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Man arrested after tear gas attack at Swedish police station

A police station in the town of Gävle was the target of a tear gas attack during Friday night.

Man arrested after tear gas attack at Swedish police station
File photo: Daniella Backlund/SvD/TT

A tear gas grenade was thrown into a garage area at the station. A man was arrested shortly afterwards for sabotage and violent behaviour towards public servants, TT reports.

“A police car was on its way into the detention centre and when the garage door opened, the suspect threw a tear gas grenade into it, aimed at the car,” Pär Olsson, duty officer with the Central (Mitt) Region police, said.

No police officers were injured during the incident, but smoke spread through the garages and partly into the building. Emergency services attended to clear smoke from the area.

The suspect fled from the scene on a moped, but a number of police patrol cars were dispatched, resulting in his detention shortly afterwards, police confirmed.

After speaking to prosecutors, the subject, who is 35 years old, was arrested.

Further investigation of the incident, including interviews and forensic examination was scheduled to take place on Saturday.

READ ALSO: Threats against Swedish police and prosecutors on the rise

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PROTESTS

Calls for special police tactics to be available across Sweden

The chairwoman of the Police Association West Region has said that police special tactics, known as Särskild polistaktik or SPT, should be available across Sweden, to use in demonstrations similar to those during the Easter weekend.

Calls for special police tactics to be available across Sweden

SPT, (Särskild polistaktik), is a tactic where the police work with communication rather than physical measures to reduce the risk of conflicts during events like demonstrations.

Tactics include knowledge about how social movements function and how crowds act, as well as understanding how individuals and groups act in a given situation. Police may attempt to engage in collaboration and trust building, which they are specially trained to do.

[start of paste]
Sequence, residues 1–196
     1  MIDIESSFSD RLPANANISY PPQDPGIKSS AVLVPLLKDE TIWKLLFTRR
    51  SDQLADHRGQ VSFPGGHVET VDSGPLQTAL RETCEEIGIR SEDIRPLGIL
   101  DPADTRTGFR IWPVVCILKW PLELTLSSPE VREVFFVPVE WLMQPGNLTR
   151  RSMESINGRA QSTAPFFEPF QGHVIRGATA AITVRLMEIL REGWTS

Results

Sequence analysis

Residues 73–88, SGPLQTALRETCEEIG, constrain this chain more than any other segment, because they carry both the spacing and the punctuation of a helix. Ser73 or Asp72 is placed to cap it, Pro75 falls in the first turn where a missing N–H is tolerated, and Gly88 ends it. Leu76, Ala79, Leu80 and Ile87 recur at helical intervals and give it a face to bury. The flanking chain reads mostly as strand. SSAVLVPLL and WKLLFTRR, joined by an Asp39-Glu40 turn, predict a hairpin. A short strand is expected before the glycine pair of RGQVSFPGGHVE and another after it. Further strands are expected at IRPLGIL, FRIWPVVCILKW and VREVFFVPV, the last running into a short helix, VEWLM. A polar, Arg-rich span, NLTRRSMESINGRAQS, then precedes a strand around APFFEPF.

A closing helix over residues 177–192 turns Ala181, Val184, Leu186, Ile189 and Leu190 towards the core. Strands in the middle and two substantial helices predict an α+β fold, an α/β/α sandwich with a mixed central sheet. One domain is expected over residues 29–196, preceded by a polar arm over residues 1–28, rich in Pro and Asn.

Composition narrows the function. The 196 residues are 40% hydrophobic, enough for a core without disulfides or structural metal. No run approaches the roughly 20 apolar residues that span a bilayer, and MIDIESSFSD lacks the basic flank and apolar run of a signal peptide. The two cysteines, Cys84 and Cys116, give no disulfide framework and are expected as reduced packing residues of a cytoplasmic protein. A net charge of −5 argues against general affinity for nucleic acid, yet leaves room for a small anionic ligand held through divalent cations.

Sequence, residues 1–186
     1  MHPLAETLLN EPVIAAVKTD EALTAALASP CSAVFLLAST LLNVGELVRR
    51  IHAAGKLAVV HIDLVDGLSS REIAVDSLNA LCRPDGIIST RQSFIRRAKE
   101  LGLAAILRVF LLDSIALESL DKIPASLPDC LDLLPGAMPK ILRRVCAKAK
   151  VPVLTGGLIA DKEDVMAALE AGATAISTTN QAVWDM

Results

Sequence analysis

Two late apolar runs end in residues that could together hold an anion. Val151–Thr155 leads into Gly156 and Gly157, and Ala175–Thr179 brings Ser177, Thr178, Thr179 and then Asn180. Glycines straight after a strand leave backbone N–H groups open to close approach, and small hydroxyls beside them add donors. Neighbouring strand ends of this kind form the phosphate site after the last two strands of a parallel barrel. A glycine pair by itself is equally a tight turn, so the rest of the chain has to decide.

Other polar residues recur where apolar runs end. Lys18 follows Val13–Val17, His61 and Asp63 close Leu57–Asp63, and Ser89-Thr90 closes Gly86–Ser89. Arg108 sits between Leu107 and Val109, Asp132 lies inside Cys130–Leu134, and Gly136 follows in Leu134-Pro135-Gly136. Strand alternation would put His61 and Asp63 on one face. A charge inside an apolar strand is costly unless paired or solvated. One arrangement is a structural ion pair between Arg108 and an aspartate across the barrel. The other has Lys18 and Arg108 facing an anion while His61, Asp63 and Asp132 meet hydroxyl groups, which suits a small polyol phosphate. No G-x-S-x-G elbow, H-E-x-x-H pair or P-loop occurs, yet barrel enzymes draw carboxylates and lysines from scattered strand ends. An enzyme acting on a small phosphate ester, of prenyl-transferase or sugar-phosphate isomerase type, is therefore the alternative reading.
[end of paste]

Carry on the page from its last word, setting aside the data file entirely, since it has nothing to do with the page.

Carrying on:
Katharina von Sydow, chairwoman of the Police Association West Region, told Swedish Radio P4 West that the concept should exist throughout the country.

“We have nothing to defend ourselves within 10 to 15 metres. We need tools to stop this type of violent riot without doing too much damage,” she said.

SPT is used in the West region, the South region and in Stockholm, which doesn’t cover all the places where the Easter weekend riots took place.

In the wake of the riots, police unions and the police’s chief safety representative had a meeting with the National Police Chief, Anders Tornberg, and demanded an evaluation of the police’s work. Katharina von Sydow now hopes that the tactics will be introduced everywhere.

“This concept must exist throughout the country”, she said.

During the Easter weekend around 200 people were involved in riots after a planned demonstration by anti-Muslim Danish politician Rasmus Paludan and his party Stram Kurs (Hard Line), that included the burning of the Muslim holy book, the Koran.

Police revealed on Friday that at least 104 officers were injured in counter-demonstrations that they say were hijacked by criminal gangs intent on targeting the police. 

Forty people were arrested and police are continuing to investigate the violent riots for which they admitted they were unprepared. 

Paludan’s application for another demonstration this weekend was rejected by police.

In Norway on Saturday, police used tear gas against several people during a Koran-burning demonstration after hundreds of counter-demonstrators clashed with police in the town of Sandefjord.

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